Speaking on Tuesday, July 19, Qassemi took a swipe at France’s representative to the United Nations François Delattre for biased comments against Tehran’s regional activities and its missile program, saying his remarks contradict those of other French authorities.
During a July 18 meeting of the UN Security Council, held to study the progress in implementation of a comprehensive nuclear deal between Iran and the Group 5+1 (Russia, China, the US, Britain, France and Germany), France’s Delattre expressed concern over what he called “destabilizing actions by Iran”, including the testing of ballistic missiles he claimed are capable of carrying nuclear weapons.
He also voiced Paris’ concern about reports of foreign travel by top Iranian General Qassem Soleimani, who Delattre said is still subject to a travel ban. “It is important for regional stability for Iran to abstain from any destabilizing and dangerous activity,” he said.
In reaction, the Iranian spokesman said Delattre’s biased comments on Tehran’s regional policies are divorced from reality and are meant to “cover up France’s broad interference” in the internal affairs of Syria, which has inflicted heavy losses upon the Syrian people.
Highlighting Iran’s constant support for reforms and cessation of violence in Syria and its push for the establishment of peace and stability in the region, Qassemi decried France for its attempts to destabilize the region by alignment with the creators and supporters of the Daesh (ISIL) terrorist group.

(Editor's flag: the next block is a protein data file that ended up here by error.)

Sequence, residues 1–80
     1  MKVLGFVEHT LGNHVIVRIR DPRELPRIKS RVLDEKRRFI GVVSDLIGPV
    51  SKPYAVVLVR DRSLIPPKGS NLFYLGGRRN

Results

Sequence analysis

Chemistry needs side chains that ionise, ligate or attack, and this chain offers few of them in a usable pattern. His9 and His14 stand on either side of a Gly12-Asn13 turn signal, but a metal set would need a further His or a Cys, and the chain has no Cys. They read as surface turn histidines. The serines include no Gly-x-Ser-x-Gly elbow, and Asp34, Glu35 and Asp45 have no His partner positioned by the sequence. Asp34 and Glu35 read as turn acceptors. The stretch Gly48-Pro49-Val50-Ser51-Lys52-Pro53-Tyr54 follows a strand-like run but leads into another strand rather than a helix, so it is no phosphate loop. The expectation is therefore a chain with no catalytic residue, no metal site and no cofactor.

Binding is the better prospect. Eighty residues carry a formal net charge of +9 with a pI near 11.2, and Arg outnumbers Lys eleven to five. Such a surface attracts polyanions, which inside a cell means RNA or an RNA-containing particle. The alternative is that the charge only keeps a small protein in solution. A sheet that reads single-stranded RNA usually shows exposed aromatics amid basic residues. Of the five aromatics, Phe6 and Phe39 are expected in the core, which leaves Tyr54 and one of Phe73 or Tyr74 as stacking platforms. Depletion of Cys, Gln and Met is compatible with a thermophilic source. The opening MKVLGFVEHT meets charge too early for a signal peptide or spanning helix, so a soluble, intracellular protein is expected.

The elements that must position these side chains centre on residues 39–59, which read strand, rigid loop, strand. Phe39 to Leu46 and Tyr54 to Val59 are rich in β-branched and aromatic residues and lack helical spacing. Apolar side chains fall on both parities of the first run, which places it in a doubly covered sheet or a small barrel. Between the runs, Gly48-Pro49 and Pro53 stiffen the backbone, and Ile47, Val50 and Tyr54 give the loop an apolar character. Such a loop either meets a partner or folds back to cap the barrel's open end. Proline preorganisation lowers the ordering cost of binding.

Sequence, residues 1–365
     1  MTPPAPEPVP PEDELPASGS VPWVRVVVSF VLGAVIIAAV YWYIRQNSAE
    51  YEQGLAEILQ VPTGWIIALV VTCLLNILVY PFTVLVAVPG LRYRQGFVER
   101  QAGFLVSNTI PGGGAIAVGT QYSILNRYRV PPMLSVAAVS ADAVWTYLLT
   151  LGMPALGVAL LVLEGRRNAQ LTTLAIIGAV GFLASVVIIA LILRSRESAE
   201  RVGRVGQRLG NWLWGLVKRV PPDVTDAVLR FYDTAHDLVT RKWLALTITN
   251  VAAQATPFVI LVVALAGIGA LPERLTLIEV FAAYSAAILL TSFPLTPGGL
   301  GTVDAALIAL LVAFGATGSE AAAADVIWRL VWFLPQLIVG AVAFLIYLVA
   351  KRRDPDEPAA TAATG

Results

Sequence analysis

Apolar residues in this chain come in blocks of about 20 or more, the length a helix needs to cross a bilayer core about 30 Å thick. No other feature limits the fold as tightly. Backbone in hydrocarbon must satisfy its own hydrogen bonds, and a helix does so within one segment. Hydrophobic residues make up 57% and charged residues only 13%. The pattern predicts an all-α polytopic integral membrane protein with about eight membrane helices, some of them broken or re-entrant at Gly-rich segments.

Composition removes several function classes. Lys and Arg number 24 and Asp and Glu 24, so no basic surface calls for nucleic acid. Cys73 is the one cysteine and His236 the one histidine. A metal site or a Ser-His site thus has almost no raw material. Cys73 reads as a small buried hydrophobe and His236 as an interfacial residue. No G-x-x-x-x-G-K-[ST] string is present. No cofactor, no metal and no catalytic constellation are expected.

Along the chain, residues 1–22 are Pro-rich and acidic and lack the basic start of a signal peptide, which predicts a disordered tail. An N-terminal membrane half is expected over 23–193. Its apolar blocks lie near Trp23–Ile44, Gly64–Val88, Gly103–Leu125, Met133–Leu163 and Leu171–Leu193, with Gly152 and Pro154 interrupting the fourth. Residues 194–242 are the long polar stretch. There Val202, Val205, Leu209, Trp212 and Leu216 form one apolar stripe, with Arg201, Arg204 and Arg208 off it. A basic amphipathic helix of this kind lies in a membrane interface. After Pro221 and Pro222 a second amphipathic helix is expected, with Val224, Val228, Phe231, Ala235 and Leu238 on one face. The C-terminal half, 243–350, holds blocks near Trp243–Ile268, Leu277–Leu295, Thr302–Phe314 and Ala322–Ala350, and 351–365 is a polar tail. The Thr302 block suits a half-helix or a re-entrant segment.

He also censured Paris for hosting a recent meeting of the terrorist Mojahedin-e Khalq Organization (MKO) and supporters of terrorist groups like Daesh, al-Qaeda and the Taliban, without directly naming Saudi Arabia, whose diplomat attended the July 9 gathering of MKO terrorists in Paris.
As regards the French UN envoy’s concerns about Iran’s missile program, Qassemi reiterated that Tehran’s missile activities are part of its legitimate defence doctrine that is meant to protect its territorial integrity and counter the threat of terrorism.
The spokesman underscored that it is outside the purview of the UNSC resolutions to comment on Iran’s military equipment, stressing that nothing in the Joint Comprehensive Plan of Action (JCPOA), the nuclear deal between Iran and the Group 5+1, should be interpreted in such a way that would directly or indirectly translate into Tehran’s acknowledgement of legitimacy of the Western sanctions.
Iran maintains that its missile program has nothing to do with the JCPOA and does not violate the United Nations Security Council Resolution 2231 either.
In July 2015, Iran and the Group 5+1 reached a conclusion on the JCPOA. Afterwards, the UN Security Council passed a resolution that endorsed the nuclear deal.
Resolution 2231 calls upon Iran “not to undertake any activity related to ballistic missiles designed to be capable of delivering nuclear weapons.”